Rep. Jeffrey Evangelos, U-Friendship, speaks during an April 29 lawmaker forum on police oversight.
Rep. Jeffrey Evangelos, U-Friendship, speaks during an April 29 lawmaker forum on police oversight.

While some other states are seizing the cultural moment to make police departments more transparent and accountable, three Maine legislators who have sponsored police oversight bills say our state is resisting needed changes.

Sen. Lisa Keim, R-Oxford County, speaking at a law enforcement oversight forum hosted by the Bangor Daily News on April 29, described her frustration when the Maine Sheriff’s Association recently withdrew its support for a bill she sponsored in response to a sheriff whose abuse of his subordinates and his authority was well documented. The bill, LD 375, would give county commissioners a mechanism to remove a sheriff for improper, unethical or criminal behavior. Keim introduced it on the heels of the resignation of Oxford County Sheriff Wayne Gallant, who sexually harassed his subordinates for years and then remained sheriff while he was under investigation because there was no mechanism to remove him.

The original bill required a court to weigh in, but when Keim revised it to give that authority to the governor, the sheriff’s association argued the power could be abused for political reasons.

“They just showed up and said, Nope, no, that doesn’t work for us,” Keim said. “Even though I reached out many times and said, Well, let’s find something that does work for you. So that’s not the right message they should be giving.”

For many of Keim’s fellow legislators, losing the support of the sheriffs was a dealbreaker. The committee voted 10-2 against recommending the bill to pass.

“I think for lawmakers, they have a difficult time separating this bill from somehow being a censure on the men that are in office right now,” Keim said. “… I think that it is short-sighted, because they should recognize the national moment that we’re in and they should come to the table.”

Reps. Jeffrey Evangelos, U-Friendship, and Charlotte Warren, D-Hallowell, similarly described the current moment, when the national spotlight is on police misconduct, as an opportunity to enact changes that are long overdue. Warren’s bill, LD 1278, would end the controversial Maine Information and Analysis Center Program, a secretive intelligence gathering and analysis operation known as the “Fusion Center.”

“[The bill] was referred to recently as part of the defund the police movement,” Warren said. “I had my first bill about MIAC in 2015. So the two things are not connected. But how it’s changed is that people are actually paying attention.”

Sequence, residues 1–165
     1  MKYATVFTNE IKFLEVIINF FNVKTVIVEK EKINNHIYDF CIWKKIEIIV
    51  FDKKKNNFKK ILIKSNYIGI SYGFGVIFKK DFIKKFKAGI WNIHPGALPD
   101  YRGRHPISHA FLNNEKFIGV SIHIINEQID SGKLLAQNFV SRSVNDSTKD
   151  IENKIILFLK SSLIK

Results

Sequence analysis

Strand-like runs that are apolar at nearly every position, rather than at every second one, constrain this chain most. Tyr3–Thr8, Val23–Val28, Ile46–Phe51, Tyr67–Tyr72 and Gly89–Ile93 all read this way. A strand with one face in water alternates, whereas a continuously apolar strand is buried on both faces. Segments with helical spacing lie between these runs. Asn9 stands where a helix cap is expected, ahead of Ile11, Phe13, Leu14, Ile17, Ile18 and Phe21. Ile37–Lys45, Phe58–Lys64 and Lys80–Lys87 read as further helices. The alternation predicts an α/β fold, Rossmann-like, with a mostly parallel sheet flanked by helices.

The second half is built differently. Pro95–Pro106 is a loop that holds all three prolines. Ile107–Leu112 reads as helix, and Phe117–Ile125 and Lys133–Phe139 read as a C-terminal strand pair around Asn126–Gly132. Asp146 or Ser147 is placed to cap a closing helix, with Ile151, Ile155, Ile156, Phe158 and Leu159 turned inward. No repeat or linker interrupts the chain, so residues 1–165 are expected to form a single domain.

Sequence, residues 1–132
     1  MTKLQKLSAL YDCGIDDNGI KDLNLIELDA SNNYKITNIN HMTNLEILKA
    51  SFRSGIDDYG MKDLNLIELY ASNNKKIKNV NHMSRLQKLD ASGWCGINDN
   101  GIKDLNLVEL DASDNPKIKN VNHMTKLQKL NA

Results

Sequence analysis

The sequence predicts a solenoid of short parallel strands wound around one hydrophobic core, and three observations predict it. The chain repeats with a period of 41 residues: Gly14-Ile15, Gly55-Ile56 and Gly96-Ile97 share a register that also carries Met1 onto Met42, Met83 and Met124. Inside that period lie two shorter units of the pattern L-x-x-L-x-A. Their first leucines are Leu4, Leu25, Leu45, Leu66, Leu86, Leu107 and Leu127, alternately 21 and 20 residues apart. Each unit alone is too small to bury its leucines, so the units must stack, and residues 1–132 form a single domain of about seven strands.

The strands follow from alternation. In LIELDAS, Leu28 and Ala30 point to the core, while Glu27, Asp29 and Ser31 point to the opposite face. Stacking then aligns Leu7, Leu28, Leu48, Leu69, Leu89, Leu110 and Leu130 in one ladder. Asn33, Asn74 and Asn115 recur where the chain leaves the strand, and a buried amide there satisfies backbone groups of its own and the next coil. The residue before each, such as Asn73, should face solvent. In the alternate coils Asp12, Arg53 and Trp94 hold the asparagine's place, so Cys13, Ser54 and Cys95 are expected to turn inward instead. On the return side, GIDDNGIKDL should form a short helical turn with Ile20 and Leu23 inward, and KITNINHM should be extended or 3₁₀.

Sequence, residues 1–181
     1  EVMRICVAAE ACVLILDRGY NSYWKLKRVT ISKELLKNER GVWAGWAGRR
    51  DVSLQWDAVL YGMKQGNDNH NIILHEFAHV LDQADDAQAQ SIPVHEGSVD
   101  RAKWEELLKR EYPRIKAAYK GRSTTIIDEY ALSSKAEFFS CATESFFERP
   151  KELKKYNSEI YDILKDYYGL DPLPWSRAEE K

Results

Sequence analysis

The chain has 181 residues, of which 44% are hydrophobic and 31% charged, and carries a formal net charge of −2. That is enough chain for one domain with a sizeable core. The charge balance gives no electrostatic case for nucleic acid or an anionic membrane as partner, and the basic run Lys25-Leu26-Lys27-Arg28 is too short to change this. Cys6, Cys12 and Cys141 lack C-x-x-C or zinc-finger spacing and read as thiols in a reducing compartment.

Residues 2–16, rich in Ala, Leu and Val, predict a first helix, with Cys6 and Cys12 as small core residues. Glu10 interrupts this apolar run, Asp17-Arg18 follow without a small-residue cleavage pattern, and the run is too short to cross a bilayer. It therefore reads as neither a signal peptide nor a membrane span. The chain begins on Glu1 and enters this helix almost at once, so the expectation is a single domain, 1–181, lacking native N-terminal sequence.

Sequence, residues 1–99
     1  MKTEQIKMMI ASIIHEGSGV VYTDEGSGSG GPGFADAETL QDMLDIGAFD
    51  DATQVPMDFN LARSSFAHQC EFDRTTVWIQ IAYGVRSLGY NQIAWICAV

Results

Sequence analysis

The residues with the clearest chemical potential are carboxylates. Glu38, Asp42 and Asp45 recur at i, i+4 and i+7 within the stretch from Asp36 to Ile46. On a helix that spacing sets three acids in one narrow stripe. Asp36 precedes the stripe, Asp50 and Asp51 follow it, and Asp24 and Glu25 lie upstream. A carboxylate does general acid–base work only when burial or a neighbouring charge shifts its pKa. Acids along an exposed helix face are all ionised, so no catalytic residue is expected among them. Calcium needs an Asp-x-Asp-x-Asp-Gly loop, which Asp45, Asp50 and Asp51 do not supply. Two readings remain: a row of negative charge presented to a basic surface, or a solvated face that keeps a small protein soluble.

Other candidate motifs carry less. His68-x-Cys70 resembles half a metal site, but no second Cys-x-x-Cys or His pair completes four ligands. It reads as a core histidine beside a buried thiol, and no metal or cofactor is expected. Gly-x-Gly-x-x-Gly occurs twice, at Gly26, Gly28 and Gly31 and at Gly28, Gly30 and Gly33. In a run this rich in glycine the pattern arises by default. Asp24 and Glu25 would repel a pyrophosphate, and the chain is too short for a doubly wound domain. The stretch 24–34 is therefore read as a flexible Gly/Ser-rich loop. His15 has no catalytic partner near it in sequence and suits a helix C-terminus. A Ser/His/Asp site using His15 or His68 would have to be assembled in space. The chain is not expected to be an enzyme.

Evangelos said his bill, LD 214, which would remove the qualified immunity defense, which has historically protected police from civil lawsuits, wasn’t inspired by a national movement but by the 2007 shooting of Gregori Jackson by a Waldoboro Police officer: “Five bullets in the back; he was unarmed.” At the time, the Attorney General’s Office found the shooting to be justified, as it has in every police shooting investigation on record. Evangelos was not a legislator at the time. “Friends of mine, at the state and local level in law enforcement said, No, everything’s fine. And I said, Geez, I don’t think this one’s fine.”

Two years ago, a team including Evangelos and Warren convinced the attorney general to reopen the the case, though Evangelos noted nothing has happened since.

Evangelos said he’s been aware of police abuse of power since the 1960s but had trouble getting anyone to take it seriously. “But for the people with their cell phones and their cameras, we’d probably still be in a really bad place,” he said.

But with qualified immunity in place, even pictures and video aren’t enough. Four states and New York City recently passed laws seeking to end the standard, which stems from a 1967 ruling against clergy members who were arrested for protesting to integrate a Jackson, Mississippi, bus station. Evangelos acknowledged that changes are sometimes incremental, but he argued for trying to seize the moment.

“What happened from Reconstruction to 1964 was that we were working incrementally,” he said. “And then Dr. King came along and wrote a book called ‘Why We Can’t Wait.’ And in 1965, it wasn’t incremental anymore. We got the Voting Rights Act, and everything just exploded in one progressive moment. And I think we’re there again. … This is an opportunity, a chance to change things. And if we squander it, it’s shame on us.”

Watch a video of the lawmaker forum here.